Wednesday, February 13, 2019

National honor the latest indicator of freshman point guard Devon Dotson’s rapid development

Kansas guard Devon Dotson (11) inbounds the ball during the second half, Saturday, Feb. 9, 2019 at Allen Fieldhouse.

Kansas guard Devon Dotson (11) inbounds the ball during the second half, Saturday, Feb. 9, 2019 at Allen Fieldhouse.


Mere hours after turning in what Kansas coach Bill Self said “may have been his best game,” freshman point guard Devon Dotson was named the national freshman of the week by CBS Sports and the U.S. Basketball Writers Association.

Dotson, who played all 45 minutes and dropped a career-high 25 points and 10 rebounds in KU’s overtime win at TCU on Monday night, averaged 18.7 points, 6.7 rebounds, 5.7 assists and 2.3 steals in three games from Feb. 5-11 to earn the honor.

“He shot it, he competed, he got downhill, he did a great job defensively the entire game,” Self said of Dotson’s monster effort at TCU. “I thought he was terrific.”

This week’s honor marked the second time this season that Dotson had received a weekly award — he was named Big 12 newcomer of the week on Dec. 31 — and was the continuation of an uptick in his play since the start of Big 12 Conference competition.


Nick Krug

Kansas forward Dedric Lawson (1) and Kansas guard Quentin Grimes (5) congratulate Kansas guard Devon Dotson (11) after Dotson's steal and a bucket during the first half, Saturday, Feb. 9, 2019 at Allen Fieldhouse.

After averaging 11.2 points per game in the 12 nonconference games leading up to Big 12 play, Dotson is averaging 13.2 points per game against Big 12 foes — second on the team — and also ranks third on the team in rebounding (4.4 per game) and first in assists since the start of conference play.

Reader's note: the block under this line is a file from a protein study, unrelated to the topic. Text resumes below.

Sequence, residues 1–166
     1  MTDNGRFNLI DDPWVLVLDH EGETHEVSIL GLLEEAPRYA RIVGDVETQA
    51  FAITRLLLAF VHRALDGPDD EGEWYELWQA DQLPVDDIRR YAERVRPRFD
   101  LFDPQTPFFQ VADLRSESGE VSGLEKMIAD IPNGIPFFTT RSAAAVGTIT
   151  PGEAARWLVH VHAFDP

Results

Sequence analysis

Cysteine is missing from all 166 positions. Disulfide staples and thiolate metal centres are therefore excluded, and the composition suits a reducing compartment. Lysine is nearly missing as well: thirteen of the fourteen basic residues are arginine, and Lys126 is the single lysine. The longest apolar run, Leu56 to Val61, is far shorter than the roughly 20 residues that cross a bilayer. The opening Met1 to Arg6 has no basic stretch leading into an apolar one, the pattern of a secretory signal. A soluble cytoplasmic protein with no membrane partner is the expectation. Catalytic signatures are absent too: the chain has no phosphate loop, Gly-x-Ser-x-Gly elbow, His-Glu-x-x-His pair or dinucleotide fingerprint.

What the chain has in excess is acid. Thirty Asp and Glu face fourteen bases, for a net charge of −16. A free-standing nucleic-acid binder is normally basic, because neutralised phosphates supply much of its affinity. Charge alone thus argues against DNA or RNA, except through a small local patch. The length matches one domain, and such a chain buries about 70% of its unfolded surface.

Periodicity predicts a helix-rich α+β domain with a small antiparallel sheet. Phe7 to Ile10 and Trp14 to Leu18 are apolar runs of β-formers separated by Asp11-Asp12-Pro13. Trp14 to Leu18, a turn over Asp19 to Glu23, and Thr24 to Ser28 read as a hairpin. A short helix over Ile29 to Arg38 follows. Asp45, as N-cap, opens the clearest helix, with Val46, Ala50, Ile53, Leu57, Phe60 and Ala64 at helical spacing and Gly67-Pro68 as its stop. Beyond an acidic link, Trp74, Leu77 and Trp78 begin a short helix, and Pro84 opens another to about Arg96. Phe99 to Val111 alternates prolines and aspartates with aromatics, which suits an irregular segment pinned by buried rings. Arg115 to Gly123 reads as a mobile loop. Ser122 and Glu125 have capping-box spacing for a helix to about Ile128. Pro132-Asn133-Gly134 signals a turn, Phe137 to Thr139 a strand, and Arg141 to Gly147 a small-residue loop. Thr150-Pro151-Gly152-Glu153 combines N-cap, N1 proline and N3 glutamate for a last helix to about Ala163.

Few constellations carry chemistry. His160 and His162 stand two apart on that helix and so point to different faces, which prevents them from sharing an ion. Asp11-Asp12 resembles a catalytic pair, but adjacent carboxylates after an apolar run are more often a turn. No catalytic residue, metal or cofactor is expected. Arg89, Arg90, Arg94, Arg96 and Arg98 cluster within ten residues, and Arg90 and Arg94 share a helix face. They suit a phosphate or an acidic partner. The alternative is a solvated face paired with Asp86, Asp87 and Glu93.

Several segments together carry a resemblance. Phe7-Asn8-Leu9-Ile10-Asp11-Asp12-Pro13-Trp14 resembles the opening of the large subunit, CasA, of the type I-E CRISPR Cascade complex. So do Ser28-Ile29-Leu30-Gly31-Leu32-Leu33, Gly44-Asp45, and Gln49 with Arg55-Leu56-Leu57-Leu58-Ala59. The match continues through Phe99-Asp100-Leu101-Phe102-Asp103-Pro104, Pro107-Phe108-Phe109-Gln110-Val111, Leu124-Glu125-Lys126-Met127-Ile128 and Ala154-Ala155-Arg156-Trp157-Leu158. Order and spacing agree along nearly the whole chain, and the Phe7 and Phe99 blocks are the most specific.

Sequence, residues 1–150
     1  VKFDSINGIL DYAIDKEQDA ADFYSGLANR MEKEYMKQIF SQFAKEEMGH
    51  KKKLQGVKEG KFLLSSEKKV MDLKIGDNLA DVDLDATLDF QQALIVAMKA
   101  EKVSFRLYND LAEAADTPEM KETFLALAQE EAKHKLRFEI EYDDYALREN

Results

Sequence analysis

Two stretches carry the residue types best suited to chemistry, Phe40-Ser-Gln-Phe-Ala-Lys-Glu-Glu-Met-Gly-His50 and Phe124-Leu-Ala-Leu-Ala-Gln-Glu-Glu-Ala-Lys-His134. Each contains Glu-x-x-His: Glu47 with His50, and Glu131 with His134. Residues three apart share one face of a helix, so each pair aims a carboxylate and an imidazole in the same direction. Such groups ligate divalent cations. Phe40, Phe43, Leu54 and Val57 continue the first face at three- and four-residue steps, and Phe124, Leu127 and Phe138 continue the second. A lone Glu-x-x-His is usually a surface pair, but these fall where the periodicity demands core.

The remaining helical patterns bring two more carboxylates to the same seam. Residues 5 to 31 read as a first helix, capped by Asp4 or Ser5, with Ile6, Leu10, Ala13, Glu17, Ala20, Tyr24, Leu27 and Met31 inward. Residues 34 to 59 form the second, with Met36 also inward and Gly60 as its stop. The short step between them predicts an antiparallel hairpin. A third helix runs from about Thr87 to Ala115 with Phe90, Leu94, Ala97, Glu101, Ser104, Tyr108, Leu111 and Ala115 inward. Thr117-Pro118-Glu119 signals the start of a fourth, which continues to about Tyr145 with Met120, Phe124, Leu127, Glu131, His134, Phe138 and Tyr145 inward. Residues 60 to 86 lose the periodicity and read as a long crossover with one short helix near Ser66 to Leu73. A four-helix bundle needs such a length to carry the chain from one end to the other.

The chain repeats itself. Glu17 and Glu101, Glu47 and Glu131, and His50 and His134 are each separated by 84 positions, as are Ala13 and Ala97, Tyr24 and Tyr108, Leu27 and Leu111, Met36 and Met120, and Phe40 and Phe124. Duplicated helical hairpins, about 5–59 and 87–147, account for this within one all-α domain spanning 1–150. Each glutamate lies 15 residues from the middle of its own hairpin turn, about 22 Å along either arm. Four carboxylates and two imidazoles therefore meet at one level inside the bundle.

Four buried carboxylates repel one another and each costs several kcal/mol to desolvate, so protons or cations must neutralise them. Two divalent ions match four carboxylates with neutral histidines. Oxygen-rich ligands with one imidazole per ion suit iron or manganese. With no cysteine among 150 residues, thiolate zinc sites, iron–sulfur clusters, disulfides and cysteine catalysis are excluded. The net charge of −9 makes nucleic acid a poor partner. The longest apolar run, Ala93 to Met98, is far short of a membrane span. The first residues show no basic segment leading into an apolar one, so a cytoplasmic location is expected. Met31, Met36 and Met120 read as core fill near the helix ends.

All of those numbers together give him season-averages of 12 points, 3.8 rebounds and 3.6 assists per game.

But beyond his numbers, which are solid by freshman standards at any program, Dotson has emerged as the engine that makes the Kansas offense go — so much so that Self has said multiple times that he “can’t take him off the court.”

That theory was put to the test during Monday’s victory, when Dotson played every minute of KU’s tough road win, but nearly had to come out in overtime after his right calf cramped up following a foul on a drive to the rim.

With Dotson writhing in pain and three of the eight scholarship players available already on the bench after fouling out, Self said his young point guard had just one option.

“He wasn’t going to come off the floor,” Self jokingly rehashed Tuesday night during his weekly “Hawk Talk” radio show. “It wasn’t like he showed a lot of courage. He wasn’t going to come off the floor, period.”

But what if he had to?

“Then one of (the walk-ons) would’ve played,” Self conceded. “(Sophomore walk-on Chris) Teahan would’ve gone in the game. Chris is a good player. He just hasn’t had any opportunities to play this year because we haven’t had very many blowout games. And (fellow walk-on) Garrett Luinstra’s a good player. He’s got to do some things from a strength standpoint, but he’s got some stuff to his game, without question.”


Nick Krug

Kansas guard Devon Dotson (11) drives against Kansas State guard Barry Brown Jr. (5) during the second half, Tuesday, Feb. 5, 2019 at Bramlage Coliseum.

Dotson stayed in, gutting out six clutch free throws to ice the game down the stretch, which inspired former KU point guard Tyshawn Taylor, who knew a thing or two about toughness and big numbers, to proclaim on Twitter that Dotson was, “A DAWG!!!!!!”

Recalled Dotson of the brief conversation between Self and him after the cramping occurred: “He said, ‘You got it. Knock them down.’ He asked me, ‘You can do it?’ And I was like, ‘Yeah, I got it.’ I was thinking I had it. I just wanted to get the win, lock in and just take it one at a time and knock it down.”

For the week, Dotson shot 18-of-35 (51.4 percent) from the floor and 5-of-12 (41.7) from 3-point range. For the season, he’s up to 49.2 percent from the floor and 42.1 percent from 3-point range on 57 attempts, which ties him for fourth on the team.